Jambon, Prime Minister Charles Michel and King Philippe visited the woman in hospital, where she was being treated for shock. “She was very courageous and perhaps, but this we will have to verify, she helped avoid more victims in the school,” Jambon said.

The minister said an investigation has been launched into the incident, including the circumstances surrounding his release from prison. “It’s really an isolated case. He wasn’t part of a network, he didn’t receive instructions from anyone else, so there is no need to raise the terror threat alert level,” Jambon said, adding that investigators have no precise information that any other attacks might be likely. Amid questions about how two officers could have been disarmed, Jambon praised the work of all involved, saying “the police did an extraordinary job.” “They reacted well. All the systems, all the procedures worked. But if you are attacked from behind, as was the case with the two officers, you can’t do anything,” he said.

The police officers have been identified as Soraya Belkacemi, 44, and Lucile Garcia, 54. The passenger in the car was named as Cyril Vangriecken, 22, who was preparing to become a primary school teacher. Belgian media reports named the man killed before Tuesday’s rampage as Michael Wilmet. In Liege, flags were flying at halfstaff on public buildings and people gathered to sign a book of condolences and lay flowers in memory of the victims. The prime minister joined others at the scene in a minute’s silence. “Every morning I am scared that something like this will happen, and every day it happens closer to home,” Melissa Lamny told The Associated Press after wrapping flowers around a lamppost at the scene of the killings. Belgian authorities faced questions on Wednesday over why a prison inmate, believed to have been radicalised in jail, was let out for a day and used it to kill three people in the city of Liege as well as a former associate.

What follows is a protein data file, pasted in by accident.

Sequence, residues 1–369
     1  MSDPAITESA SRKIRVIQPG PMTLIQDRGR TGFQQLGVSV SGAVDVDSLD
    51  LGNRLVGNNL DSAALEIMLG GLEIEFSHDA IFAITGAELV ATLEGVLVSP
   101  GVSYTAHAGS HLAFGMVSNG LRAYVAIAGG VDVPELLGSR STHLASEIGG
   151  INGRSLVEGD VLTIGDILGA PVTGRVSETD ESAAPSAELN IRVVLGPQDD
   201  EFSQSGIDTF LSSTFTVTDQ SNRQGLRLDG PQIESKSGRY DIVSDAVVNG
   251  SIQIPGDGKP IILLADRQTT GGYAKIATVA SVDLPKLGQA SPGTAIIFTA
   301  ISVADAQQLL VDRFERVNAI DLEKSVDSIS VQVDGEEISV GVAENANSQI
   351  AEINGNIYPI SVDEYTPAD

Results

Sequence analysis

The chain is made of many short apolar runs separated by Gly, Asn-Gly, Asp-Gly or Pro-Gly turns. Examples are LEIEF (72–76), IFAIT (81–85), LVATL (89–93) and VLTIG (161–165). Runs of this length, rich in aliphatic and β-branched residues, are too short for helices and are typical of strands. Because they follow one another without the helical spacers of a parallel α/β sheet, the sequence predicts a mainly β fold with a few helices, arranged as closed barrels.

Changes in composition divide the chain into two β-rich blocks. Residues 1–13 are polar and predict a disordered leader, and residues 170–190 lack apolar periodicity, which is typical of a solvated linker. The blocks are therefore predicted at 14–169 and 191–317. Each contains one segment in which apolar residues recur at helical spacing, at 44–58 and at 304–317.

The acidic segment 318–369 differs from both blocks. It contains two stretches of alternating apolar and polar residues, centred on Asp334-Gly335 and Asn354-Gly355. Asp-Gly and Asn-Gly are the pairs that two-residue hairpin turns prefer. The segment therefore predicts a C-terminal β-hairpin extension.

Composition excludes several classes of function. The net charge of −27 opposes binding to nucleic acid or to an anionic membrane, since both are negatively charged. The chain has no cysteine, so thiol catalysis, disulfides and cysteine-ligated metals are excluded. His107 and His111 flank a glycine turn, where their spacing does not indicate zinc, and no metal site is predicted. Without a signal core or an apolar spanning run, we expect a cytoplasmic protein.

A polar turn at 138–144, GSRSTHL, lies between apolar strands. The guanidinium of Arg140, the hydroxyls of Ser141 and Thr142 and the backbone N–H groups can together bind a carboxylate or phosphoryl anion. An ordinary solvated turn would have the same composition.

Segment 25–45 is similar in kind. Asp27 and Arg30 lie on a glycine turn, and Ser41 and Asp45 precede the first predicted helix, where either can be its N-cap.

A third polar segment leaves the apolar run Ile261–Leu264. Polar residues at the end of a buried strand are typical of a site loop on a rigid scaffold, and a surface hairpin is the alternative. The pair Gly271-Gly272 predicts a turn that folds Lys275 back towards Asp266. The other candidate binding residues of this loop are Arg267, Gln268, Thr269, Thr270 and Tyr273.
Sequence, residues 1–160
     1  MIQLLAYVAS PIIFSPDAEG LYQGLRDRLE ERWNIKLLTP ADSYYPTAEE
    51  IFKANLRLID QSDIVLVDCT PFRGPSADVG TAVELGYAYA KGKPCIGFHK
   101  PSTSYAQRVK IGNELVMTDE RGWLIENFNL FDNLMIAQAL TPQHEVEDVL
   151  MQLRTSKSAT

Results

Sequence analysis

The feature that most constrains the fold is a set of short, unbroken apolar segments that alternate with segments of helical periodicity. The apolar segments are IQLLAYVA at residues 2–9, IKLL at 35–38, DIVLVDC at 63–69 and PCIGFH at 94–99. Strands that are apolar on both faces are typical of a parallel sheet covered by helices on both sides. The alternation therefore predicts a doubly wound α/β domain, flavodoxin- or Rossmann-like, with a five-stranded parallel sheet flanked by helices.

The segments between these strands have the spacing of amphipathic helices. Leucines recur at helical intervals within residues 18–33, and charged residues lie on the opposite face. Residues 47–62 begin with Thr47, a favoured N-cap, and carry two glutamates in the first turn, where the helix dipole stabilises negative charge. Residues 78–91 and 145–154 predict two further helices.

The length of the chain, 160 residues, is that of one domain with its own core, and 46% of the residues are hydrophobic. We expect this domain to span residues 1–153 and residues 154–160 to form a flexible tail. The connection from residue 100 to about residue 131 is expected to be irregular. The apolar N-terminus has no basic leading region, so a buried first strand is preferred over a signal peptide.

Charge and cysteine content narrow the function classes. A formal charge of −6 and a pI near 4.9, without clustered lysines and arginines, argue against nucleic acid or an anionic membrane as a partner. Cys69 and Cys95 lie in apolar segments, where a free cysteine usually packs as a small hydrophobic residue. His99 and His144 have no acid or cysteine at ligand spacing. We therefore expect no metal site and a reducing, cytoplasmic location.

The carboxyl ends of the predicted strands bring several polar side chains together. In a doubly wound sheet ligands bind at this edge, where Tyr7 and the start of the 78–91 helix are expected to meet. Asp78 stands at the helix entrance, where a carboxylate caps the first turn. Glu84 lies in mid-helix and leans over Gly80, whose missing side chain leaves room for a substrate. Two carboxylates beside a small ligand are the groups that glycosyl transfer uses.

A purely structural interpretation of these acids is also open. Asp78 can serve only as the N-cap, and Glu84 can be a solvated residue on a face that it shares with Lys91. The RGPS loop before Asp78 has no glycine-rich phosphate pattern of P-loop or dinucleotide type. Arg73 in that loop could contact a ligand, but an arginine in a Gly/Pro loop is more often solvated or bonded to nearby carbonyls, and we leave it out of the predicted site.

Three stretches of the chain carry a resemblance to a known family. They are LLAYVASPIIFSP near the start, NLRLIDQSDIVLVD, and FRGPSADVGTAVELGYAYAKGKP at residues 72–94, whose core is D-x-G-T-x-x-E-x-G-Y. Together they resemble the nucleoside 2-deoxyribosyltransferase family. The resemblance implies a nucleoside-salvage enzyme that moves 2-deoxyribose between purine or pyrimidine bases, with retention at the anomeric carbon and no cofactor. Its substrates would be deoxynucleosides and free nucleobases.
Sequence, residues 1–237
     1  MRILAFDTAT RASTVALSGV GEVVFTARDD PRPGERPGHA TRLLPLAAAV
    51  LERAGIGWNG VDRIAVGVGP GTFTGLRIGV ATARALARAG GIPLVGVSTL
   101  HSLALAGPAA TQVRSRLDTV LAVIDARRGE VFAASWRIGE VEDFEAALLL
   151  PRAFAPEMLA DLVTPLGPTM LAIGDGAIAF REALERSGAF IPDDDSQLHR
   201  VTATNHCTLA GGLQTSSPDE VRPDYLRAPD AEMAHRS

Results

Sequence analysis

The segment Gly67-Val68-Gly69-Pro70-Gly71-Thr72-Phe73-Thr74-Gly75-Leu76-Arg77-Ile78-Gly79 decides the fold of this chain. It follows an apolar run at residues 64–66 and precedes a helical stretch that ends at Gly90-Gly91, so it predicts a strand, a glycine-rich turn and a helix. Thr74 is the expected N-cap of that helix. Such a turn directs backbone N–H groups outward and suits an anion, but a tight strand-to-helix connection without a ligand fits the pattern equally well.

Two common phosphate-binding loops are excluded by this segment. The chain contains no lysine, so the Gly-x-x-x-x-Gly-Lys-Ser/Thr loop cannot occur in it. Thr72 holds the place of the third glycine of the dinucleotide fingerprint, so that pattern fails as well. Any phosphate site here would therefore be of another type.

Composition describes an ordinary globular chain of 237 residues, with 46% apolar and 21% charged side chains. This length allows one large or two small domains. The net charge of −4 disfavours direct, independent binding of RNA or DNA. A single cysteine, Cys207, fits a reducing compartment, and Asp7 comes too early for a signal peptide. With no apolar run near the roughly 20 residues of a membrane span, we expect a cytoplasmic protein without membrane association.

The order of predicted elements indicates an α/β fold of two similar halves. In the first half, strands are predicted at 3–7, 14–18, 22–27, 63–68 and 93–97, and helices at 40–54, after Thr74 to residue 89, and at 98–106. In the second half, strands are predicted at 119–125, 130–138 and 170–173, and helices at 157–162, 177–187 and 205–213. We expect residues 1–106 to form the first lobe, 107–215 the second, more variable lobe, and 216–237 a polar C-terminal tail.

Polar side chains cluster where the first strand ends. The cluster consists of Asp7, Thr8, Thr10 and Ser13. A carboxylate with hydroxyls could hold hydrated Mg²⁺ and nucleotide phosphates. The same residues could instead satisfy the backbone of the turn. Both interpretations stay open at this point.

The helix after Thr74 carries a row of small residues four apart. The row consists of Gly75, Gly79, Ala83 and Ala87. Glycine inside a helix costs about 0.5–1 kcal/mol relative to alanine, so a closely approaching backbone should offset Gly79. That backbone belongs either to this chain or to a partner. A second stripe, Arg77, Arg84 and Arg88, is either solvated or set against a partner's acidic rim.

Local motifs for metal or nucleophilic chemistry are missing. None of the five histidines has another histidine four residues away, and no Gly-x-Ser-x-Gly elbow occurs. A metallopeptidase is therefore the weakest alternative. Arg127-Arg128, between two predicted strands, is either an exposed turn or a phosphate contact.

The justice minister, who oversees the prison service, said he felt “responsible” for Tuesday’s bloodshed in which two policewomen and a bystander were killed. The attacker was shot dead by police at a nearby school shortly afterward. “The question of whether this man should have been given leave is striking because he killed three completely innocent people with a wish to kill himself,” Koen Geens told RTBF radio. “I have to examine my own conscience.” In and out of jail for a variety of crimes since 2003, Herman may have found a path to violence that has heightened concerns that Europe’s prisons are incubators for radicalism.

In Belgium, a prisoner’s inclusion on a state security list as a suspected radical is not automatically passed on to all police or the prison service, experts say. It was the fourteenth time since his detention that he was granted temporary leave, to help him prepare for eventual reintegration into society, Justice Minister Geens said. “Everyone in Belgium is asking the same question: how is it possible that someone convicted of such serious acts was allowed to leave prisons?” Deputy Prime Minister Alexander de Croo was quoted as saying. The national crisis centre, on high alert since a Brussels-based Islamic State cell helped kill 130 people in Paris in 2015, did not raise its alert level, an indication follow-up attacks were not expected.